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    Hi Derek

    I just took a look at your gallery: lovely work.

    Right off, you're working with a Koni Omega ( I've got one right here, next to the 8x10 Deardorff ), and if it can't be done with a Koni, it can't be done with a 4x5.

    You can improve the technical sharpness easily by not stopping down so far. You lose at least 31% of your potential acutance stopping down from f/22 to f/32, and half your potential acuity stopping down from f/16 to f/32.

    Ahem. How are you scanning your images ? The scanner and software combination usually means you're throwing away most of your clarity.

    The important thing is to transform yourself. If you want more detail in your prints, you have to change yourself, not change your gear. The same marketing hype that wants you to go digital is the same hype that says we have to go LF. We ALL know how it sounds.


    From looking at your pictures, it looks like you're pretty close to 'breaking through'. Why not take a workshop with someone whose work you admire ?

    When you've got the detail you want in your pictures, you might want more control over it. That would be a time to switch to 4x5. Or not.
    "One of the painful things about our time is that those who feel certainty are stupid,
    and those with any imagination and understanding are filled with doubt and indecision"

    -Bertrand Russell

  8. #18
    John Bartley's Avatar
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    Quote Originally Posted by dealy663
    We simply have no place for a darkroom.
    It's amazing what kind of space is NOT required. I too would "like" to have a large darkroom with sinks and dryers and racks and shelves and beer fridge and TV and...what I do now is block off the bathroom window with a plywood panel (removable) and block off the door with towels. That's it!! That's my darkroom. I have a plywood panel cut to fit the top of the tub for a work surface and I have a flexible hose that clips onto the tub faucet that I can use to dribble water thru' my trays for a washer and I have clothes pins clipped onto shower curtain hooks for hanging prints and negatives from the shower curtain rod.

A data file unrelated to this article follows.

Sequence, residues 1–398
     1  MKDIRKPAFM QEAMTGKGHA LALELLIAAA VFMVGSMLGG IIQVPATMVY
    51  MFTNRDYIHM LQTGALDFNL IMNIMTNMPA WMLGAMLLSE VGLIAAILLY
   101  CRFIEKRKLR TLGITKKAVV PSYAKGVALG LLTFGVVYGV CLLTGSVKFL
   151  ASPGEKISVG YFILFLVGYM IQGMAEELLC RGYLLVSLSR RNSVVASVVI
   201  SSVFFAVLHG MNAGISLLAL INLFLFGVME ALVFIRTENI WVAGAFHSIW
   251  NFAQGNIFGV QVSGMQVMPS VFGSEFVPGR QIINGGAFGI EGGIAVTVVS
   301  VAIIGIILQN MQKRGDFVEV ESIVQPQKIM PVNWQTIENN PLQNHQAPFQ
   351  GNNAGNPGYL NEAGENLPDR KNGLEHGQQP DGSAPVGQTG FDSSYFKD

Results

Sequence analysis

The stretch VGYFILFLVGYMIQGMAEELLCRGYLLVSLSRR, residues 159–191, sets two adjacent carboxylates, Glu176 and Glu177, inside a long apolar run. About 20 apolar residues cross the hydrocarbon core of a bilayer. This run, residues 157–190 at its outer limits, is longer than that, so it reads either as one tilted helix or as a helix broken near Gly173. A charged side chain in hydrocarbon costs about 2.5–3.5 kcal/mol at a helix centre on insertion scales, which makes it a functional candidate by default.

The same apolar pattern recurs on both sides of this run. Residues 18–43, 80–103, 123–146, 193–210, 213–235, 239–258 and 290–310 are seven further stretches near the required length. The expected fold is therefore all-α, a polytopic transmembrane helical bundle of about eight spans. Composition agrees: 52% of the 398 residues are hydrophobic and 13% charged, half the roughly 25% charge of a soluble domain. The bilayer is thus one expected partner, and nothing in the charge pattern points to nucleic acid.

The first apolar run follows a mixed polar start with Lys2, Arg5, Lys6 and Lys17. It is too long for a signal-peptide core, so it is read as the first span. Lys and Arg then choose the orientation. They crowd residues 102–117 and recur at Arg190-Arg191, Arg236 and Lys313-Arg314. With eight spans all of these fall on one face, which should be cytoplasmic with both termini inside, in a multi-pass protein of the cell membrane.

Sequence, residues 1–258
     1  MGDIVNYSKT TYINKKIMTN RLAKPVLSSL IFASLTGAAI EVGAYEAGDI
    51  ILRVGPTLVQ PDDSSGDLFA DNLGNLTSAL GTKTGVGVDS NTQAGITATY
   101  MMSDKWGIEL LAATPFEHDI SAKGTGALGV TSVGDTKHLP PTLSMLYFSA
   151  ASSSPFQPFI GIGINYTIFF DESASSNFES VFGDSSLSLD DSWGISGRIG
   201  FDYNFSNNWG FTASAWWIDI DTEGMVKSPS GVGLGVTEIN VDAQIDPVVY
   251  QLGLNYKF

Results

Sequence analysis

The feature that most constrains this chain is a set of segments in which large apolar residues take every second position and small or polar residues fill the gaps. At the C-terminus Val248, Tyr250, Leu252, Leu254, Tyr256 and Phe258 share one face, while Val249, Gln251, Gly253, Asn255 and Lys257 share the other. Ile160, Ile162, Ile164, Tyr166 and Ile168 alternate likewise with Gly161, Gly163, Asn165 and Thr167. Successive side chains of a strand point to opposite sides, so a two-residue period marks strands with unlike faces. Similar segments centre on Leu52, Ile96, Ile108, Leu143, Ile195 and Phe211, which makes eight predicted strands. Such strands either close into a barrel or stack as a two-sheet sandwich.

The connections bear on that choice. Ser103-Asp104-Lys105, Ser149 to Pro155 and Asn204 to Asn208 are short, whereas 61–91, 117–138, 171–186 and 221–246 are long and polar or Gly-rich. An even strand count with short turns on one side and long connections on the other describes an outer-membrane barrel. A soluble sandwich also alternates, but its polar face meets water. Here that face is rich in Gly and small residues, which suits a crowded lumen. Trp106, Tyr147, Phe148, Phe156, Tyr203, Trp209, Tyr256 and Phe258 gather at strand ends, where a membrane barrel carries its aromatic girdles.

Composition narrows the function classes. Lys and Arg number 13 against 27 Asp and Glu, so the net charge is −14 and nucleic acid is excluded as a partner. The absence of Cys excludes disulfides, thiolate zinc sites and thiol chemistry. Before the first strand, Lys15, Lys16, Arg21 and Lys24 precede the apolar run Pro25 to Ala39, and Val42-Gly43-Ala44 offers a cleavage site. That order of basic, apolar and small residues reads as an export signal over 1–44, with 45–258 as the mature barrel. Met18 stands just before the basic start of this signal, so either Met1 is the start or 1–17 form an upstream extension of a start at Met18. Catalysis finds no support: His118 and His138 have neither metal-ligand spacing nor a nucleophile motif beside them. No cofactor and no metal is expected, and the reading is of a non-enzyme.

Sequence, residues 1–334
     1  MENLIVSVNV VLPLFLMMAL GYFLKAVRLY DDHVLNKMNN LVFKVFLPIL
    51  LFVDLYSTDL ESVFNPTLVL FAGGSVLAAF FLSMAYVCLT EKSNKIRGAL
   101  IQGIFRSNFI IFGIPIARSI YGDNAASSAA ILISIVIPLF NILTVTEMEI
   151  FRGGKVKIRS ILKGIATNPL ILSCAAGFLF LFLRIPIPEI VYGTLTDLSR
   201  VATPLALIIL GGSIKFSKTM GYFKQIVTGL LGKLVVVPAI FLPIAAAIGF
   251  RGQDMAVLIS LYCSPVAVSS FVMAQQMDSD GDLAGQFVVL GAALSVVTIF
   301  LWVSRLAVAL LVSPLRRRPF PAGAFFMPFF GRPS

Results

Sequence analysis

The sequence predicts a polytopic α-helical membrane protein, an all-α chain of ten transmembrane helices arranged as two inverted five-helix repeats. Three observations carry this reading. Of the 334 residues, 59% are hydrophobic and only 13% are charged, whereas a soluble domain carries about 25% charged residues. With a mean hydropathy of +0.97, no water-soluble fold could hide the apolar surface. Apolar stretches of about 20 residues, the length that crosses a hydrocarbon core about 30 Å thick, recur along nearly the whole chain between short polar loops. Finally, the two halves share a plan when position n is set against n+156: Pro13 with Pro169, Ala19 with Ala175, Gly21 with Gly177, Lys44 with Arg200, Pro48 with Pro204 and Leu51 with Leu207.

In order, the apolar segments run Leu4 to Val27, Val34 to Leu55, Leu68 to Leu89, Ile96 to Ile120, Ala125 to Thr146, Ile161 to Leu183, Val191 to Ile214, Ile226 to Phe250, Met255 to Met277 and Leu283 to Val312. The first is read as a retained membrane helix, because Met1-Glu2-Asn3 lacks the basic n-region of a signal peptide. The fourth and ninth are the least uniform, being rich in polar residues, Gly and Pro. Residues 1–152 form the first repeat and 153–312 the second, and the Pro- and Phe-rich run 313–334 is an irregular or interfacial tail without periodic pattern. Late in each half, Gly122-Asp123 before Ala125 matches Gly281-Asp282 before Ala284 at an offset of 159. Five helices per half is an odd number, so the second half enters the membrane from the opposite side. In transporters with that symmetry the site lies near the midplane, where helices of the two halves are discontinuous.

Like Calamity, I started just over a year ago in LF and while my output is NOT huge, I've done 80 4x5's and 23 8x10's in that space without so much as light or chemical problem. (I have made lots of "other" mistakes though )

    My personal opinion only :::: Once you've done 4x5, you will likely feel the urge to do 8x10, and since 8x10 makes a nice contact print size, and because it doesn't cost a whole lot more (in fact it cost me less to set up a budget 8x10 setup than 4x5), why not just go to 8x10 first?

    cheers eh?

  9. #19
    MurrayMinchin's Avatar
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    Over twenty years ago I did just what you're thinking about. Like you, I also did most of my 35mm and 6x7cm work on a tripod. I decided to go to 4x5 because the photographers who I most respected and who's work I most connected with (through books) all used LF gear. I sold off all my other gear and mail ordered a Zone VI camera outfit - I had never even seen a LF camera until I opened the box. For the first year I did nothing but contact prints in my parents laundry room...things have been getting more complicated ever since !

    You have to be pretty sure about what you're intending to do; but then there's fewer motivating forces than jumping over the edge without knowing what's below!! Keep us posted.

    Murray

  10. #20

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    You know its kinda fun reading through all of the replies here. They are pretty varied, and it is rather humorous to see some people suggesting I stay where I'm at and others kinda pushing me forward to go with the LF setup.

    DF Cardwell suggested that I consider putting the whole camera switch on hold, and going for a workshop. It is funny but that is one of the many things I've been considering. Just last night I was looking through View Camera magazine and saw ads for an Ansel Adams group workshop, along with another from the Lepp Institute. I may decide to go this route. I feel I already have a pretty good grasp of the technical issues related to photography, but I could use some help in composition and subject choices.